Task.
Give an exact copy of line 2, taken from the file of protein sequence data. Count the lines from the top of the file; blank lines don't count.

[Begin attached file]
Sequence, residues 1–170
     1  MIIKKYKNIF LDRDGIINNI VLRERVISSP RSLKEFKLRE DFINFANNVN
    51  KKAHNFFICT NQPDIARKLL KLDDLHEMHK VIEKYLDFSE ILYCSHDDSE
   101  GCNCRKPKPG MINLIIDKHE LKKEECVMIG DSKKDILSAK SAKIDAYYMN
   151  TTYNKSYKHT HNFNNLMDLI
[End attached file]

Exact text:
     1  MIIKKYKNIF LDRDGIINNI VLRERVISSP RSLKEFKLRE DFINFANNVN